Going back to the Philippines with the Feed the Hungry group is like light passing through a prism. The result is a rainbow of unpredictable colorful experiences. My first trip took me to Aklan to a municipality named New Washington. Being from the State of Washington I found the coincidence quite amusing. Aklan is host to the Ati-atihan festival. At the northwest
tip of the province you can catch a pump boat for a short ride to Boracay. Lush, verdant, and more rural than provinces near Manila, Aklan was refreshing to see. We were there to implement gift-giving.
The Mayor and his wife held true to Filipino hospitality. They were cordial, gracious, and insightful as they explained the history and socioeconomic conditions of the town. They arranged to have a student from the technical school demonstrate how bangus, a prime export, was deboned.
As I watched the young lady remove the dorsal fin and skillfully use forceps to pry intermascular spines off the hapless fish, all I could think of was the gap in the technical education of young people in the Philippines and the rest of the world. I thought to myself that while our young student was learning to pick spines off a fish, some other young person in Japan, Korea or the United States was learning genetic engineering and would someday breed species of boneless bangus. Clearly, global competition was an afterthought
in Aklan. Nevertheless, we had a wonderful time. Driving along the coast, we stopped at the Mayor’s favorite roadside carinderia to eat fresh seafood. By the end of our visit we concluded we were getting more from them than what we brought. Their gifts to us surpassed what we had given to the children of the municipality.
On my second trip with Feed the Hungry, I foundmyself at Guimaras Island, southwest of Panay. A few days later, I was headed north to Banaue, Ifugao and Sagada, Mountain Province. Guimaras Island is renowned for its mangoes. With deep disappointment, we learned the delicious Philippine mangoes got as far as the U.S. territories of the Mariana Islands and Guam, with a few reaching the U.S. mainland. Someday they told us our U.S. neighborhood grocery stores would have them. We pined for that moment and then proceeded to focus on our mission of gift-giving.
Almost 200 children showed up at the community center. Many were malnourished and ill. A noticeable high number were developmentally disabled. It was heart wrenching. We left depressed and frustrated that we could do so little for them. Two years after our visit, Guimaras suffered an ecological disaster from a tanker oil spill. Pristine beaches and abundant marine life were decimated. Prospects for environmental recovery were reported to be generations away. Heading north to the mountain provinces was a nice change where the topography, temperature, and vegetation were different. My excitement of viewing the magnificent rice terraces was tempered by signs posted by the UNESCO World Heritage Center warning of site deterioration and endangerment. At the Banaue community center we were met by the Governor and several hundred children. I am partial to the Igorot children. I think they have the most beautiful smiles in the whole archipelago. Our gift giving activity was well received by everyone.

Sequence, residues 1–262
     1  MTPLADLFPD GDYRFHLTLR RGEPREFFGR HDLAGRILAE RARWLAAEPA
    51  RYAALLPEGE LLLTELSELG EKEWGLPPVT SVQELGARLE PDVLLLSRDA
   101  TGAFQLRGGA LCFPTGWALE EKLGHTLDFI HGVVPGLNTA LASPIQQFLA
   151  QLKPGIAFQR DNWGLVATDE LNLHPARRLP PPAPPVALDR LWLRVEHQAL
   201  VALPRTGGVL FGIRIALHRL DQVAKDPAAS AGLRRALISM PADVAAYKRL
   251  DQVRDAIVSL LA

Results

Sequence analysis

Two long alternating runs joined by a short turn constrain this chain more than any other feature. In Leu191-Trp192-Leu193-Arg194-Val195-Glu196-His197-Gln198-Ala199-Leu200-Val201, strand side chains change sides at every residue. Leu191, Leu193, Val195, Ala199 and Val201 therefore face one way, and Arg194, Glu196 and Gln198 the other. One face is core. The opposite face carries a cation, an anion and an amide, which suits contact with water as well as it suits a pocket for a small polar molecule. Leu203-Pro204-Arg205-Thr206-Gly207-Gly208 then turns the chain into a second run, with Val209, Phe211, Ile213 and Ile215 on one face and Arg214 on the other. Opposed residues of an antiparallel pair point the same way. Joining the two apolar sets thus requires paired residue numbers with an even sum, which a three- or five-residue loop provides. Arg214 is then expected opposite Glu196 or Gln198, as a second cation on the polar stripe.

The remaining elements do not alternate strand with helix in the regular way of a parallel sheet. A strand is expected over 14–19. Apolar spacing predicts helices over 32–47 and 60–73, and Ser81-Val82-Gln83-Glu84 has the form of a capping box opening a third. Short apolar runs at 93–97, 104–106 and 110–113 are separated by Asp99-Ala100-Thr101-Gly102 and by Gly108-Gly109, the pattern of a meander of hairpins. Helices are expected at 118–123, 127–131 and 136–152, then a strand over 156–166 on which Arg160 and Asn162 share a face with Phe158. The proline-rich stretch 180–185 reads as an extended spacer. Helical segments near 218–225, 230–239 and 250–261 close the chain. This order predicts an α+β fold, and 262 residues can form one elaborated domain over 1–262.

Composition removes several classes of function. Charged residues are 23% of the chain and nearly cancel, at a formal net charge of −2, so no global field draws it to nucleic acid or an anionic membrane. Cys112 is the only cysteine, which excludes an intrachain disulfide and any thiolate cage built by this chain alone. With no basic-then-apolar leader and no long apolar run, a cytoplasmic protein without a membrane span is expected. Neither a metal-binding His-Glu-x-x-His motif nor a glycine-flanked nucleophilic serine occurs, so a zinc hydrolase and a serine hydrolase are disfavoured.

In February of this year, I joined several FTH volunteers on a trip to Calauit Island, part of the Calamianes group in northern Palawan. These islands are home to the indigenous Tagbanuas. We brought school supplies, books, dictionaries, world atlas, paper, pencils and grant money to pay for garden tools. There are many ways to get to Calauit Island from Busuanga and none are easy. We opted to travel over unpaved dusty roads for three hours and then a twenty minute pump boat ride. The island is promoted by the tourism industry for its unusual nature preserve where African animals such as giraffes, zebras, bushbucks, elands, impalas graze freely and co-exist with endemic species such as the Calamian deer, Palawan peacock pheasant, Palawan bearcat, crocodile and wild pig.
The story of how the African animals got on the island was bitterly told to us by the Tagbanuas who were dislocated in 1976. Through a presidential decree, Marcos established the reserve by ordering the evacuation and resettlement of the residents to another island. When the Aquino government took power, the residents came back only to face gunfire from government troops. Today they are still in a legal quagmire struggling to establish their indigenous rights to the land.
Weeks after our departure, a volunteer teacher at Calauit Island sent us an email describing the effect of our visit. She noted that prior to our arrival most of the children on the island drew blank stares when asked what they wanted to be in the future. Now many reply
someday they will be doctors, engineers and teachers, just like the Filipino visitors from the U.S. I believe this is the essence of Feed the Hungry. It is a program that gives the gift of hope. In the Philippines where 44 percent are still living on $2 a day, hope is a powerful force. There is hope the country will progress economically. There is hope that its natural resources and environment will be protected. There is hope that social justice will find the indigenous people.
There is hope that a better life means not leaving the country. Feed the Hungry ensures the flame of hope is not extinguished.